Docker Certified Associate Exam Series (Part-7): Docker Engine Storage & Volumes

In the previous blog of this 7-part series, we discussed Docker Engine Security. This last blog dives into how storage is implemented in Docker and the components involved.

When you install Docker on a host, it automatically creates a directory: /var/lib/docker. This becomes the default file path for the storage of Docker files and objects. The directory has subfolders such as aufs, containers, images, volumes, and more. Files related to images are stored in the images subfolder, while those related to containers are stored in the containers subfolder.

Before we discuss drivers and volumes, let's first understand Docker's layered architecture.

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Layered Architecture

Layered architecture is a software design pattern that divides an application into a set of layers, each with a specific responsibility. Each layer provides services to the layer above it and uses services provided by the layer below it. This separation of concerns makes the application more modular, easier to maintain and test and allows for better scalability.

When building an image in Docker, it is built progressively using a Layered Architecture. Consider the following Dockerfile for the Ubuntu image:

FROM ubuntu
RUN    apt-get update && apt-get -y install python python3-pip
RUN    pip install flask flask-mysql
COPY ./opt/source code
ENTRYPOINT FLASK_APP=/opt/source-code/ flask run
  1. Docker first creates the base Ubuntu OS in the first layer
  2. The second layer then installs apt packages
  3. The third image layer then installs and updates Python packages 
  4. The fourth layer copies the source code 
  5. While the fifth layer updates the application’s ENTRYPOINT. 

Each layer stores changes from the previous layer in the cache, which makes image building faster and easier.

To understand the advantage of a layered architecture, let us consider building a second Ubuntu image with the same base OS, application packages, and Python packages as the previous application. The only layers that change are the source code and application ENTRYPOINT.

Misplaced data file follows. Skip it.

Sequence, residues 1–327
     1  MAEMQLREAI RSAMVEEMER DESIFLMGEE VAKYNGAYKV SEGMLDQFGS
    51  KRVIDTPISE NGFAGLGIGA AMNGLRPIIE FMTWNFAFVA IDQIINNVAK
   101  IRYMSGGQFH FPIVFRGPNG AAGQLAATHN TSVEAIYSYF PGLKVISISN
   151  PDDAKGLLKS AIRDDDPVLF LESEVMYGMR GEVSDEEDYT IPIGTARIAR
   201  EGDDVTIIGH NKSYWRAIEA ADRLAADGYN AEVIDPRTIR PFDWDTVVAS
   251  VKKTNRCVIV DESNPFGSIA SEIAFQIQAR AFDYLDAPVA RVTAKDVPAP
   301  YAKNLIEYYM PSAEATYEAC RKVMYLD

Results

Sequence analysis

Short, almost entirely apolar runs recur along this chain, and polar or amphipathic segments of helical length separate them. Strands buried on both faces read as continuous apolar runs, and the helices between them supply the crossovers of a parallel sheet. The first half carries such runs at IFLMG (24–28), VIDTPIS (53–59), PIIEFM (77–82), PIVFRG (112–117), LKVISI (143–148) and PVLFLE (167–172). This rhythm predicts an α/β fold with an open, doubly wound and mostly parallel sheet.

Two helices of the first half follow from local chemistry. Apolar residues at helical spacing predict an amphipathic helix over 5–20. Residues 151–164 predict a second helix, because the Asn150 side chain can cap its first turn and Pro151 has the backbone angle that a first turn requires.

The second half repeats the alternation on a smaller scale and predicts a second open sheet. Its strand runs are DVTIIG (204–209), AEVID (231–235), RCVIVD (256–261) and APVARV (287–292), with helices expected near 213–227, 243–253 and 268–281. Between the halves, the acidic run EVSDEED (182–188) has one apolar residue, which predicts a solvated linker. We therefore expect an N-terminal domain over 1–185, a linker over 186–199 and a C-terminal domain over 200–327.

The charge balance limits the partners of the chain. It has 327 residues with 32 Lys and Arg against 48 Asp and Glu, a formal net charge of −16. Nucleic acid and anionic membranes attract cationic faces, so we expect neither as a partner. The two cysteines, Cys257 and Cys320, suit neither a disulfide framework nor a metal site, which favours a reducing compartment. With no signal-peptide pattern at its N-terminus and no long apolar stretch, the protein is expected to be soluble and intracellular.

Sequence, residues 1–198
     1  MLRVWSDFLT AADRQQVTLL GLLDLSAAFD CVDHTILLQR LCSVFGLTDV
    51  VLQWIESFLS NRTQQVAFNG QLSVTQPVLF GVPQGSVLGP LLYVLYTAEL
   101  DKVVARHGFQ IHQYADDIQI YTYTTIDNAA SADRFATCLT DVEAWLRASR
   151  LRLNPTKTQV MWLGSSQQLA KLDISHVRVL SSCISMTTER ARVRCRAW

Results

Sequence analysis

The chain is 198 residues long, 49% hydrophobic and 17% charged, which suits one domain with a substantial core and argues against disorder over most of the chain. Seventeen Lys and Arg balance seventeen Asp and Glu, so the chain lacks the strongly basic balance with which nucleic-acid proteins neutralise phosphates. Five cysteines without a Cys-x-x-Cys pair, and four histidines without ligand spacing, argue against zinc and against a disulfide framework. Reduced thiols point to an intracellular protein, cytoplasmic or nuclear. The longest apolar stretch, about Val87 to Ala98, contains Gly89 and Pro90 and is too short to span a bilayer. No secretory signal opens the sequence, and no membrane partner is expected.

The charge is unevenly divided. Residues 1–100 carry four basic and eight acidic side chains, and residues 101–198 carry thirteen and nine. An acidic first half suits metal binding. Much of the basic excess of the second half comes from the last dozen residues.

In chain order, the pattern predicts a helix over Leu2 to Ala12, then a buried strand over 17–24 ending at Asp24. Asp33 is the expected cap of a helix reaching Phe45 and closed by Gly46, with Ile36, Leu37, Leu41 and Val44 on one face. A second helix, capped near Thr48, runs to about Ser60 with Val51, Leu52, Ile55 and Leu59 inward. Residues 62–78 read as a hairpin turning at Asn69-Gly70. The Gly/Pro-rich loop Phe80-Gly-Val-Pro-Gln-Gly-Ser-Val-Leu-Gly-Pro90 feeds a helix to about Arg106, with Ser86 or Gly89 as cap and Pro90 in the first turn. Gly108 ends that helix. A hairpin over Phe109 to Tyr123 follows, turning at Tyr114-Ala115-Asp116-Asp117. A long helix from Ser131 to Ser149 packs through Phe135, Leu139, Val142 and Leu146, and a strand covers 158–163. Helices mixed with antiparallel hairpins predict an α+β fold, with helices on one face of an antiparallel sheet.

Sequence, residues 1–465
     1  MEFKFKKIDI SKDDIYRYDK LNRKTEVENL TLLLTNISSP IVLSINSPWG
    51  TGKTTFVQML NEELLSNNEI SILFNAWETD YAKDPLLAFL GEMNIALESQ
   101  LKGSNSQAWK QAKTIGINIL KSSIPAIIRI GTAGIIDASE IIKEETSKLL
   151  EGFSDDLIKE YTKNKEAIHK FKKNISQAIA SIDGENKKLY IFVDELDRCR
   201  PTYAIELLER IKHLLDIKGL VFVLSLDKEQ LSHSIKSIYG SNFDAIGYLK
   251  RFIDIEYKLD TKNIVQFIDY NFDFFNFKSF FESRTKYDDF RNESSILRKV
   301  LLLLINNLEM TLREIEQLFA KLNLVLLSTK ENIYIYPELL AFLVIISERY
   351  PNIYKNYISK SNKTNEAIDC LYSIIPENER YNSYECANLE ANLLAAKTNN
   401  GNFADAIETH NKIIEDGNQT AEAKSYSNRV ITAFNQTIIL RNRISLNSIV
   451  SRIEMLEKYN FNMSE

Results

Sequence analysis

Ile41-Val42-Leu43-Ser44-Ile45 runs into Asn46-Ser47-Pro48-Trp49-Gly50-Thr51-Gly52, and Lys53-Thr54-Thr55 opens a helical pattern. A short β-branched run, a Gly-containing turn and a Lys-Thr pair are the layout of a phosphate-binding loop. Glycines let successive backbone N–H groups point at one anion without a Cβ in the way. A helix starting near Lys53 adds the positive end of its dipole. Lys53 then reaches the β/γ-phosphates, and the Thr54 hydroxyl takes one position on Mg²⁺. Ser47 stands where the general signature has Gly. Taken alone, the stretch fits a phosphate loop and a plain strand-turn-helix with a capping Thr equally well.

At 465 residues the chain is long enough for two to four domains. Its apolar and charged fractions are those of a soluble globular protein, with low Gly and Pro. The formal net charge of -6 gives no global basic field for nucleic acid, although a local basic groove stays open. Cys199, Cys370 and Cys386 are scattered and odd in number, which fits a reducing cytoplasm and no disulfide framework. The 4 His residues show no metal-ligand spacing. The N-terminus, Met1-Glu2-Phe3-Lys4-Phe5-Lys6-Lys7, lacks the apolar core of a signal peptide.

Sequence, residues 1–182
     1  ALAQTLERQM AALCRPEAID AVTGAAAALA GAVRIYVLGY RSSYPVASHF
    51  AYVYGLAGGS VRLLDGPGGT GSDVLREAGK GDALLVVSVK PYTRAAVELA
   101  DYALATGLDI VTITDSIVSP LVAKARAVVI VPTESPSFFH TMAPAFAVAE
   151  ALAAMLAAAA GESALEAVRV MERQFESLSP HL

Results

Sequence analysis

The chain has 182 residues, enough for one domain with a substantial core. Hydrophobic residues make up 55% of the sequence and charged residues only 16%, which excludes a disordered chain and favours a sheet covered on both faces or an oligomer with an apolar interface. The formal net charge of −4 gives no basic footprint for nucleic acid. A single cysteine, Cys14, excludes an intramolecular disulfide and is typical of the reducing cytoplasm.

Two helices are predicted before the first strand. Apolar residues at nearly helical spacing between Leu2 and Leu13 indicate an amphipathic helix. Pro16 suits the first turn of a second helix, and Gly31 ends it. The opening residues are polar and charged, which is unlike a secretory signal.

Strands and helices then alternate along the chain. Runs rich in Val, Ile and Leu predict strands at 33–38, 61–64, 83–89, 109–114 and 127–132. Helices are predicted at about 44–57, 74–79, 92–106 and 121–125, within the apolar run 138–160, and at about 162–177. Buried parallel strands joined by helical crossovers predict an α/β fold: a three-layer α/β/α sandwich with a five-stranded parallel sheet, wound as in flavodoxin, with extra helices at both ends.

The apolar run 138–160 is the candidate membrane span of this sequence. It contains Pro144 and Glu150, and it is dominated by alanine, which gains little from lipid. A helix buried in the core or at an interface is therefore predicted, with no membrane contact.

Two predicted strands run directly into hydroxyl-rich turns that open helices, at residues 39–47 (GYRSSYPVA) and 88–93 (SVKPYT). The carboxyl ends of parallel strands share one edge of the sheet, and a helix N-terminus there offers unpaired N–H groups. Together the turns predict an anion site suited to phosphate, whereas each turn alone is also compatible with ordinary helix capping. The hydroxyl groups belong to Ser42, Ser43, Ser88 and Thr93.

FROM ubuntu
RUN    apt-get update && apt-get -y install python python3-pip
RUN    pip install flask flask-mysql
COPY /opt/source code
ENTRYPOINT FLASK_APP=/opt/source-code/ flask run

When building this image, Docker will not have to rebuild the first 3 layers, as they are available in cache memory. This saves disk space and makes image building a lot faster. This is especially advantageous when you have to update your application’s source code frequently.

These layers of your Dockerfile are read-only, and once you have built your image, you can’t make changes to the contents. You can only modify the contents of the image layers by initiating a new build. When you create a container based on this image, Docker will create a writable container layer onto which data written by the container is updated. This layer will contain log files, temporary files, and any other files created by the users of a container.

If you are trying to modify the contents of an image layer, Docker will make a copy of the file within the writable container layer. Any changes you make in the container will be written on this file, and this is known as the copy-on-write mechanism. The image will, therefore, remain the same while each container can accept changes from users.


As soon as a container terminates, every change made to the container layer is also discarded. To make these changes persistent and permanent, we use volumes. To create a volume, we use the command:

docker volume create data_volume

This command creates a subfolder named data_volume in the volume folder of the /var/lib/docker directory. You can mount this volume onto your container’s read-write layer using the command:

docker run -v data_volume: /var/lib/mysql mysql

Now all data written onto your container’s writable layer will be stored in this volume. This data will persist even after the container exits. You can also instruct Docker to create a new volume data_volume2 for your container straight from the command line:

docker run -e MYSQL_ROOT_PASSWORD=root -v data_volume2:/var/lib/mysql mysql

This is called volume mountingwhere container data is stored in the default Docker directory. You can also store container data on any location within the docker host through the process of volume bindingTo store data on an external folder, run the command: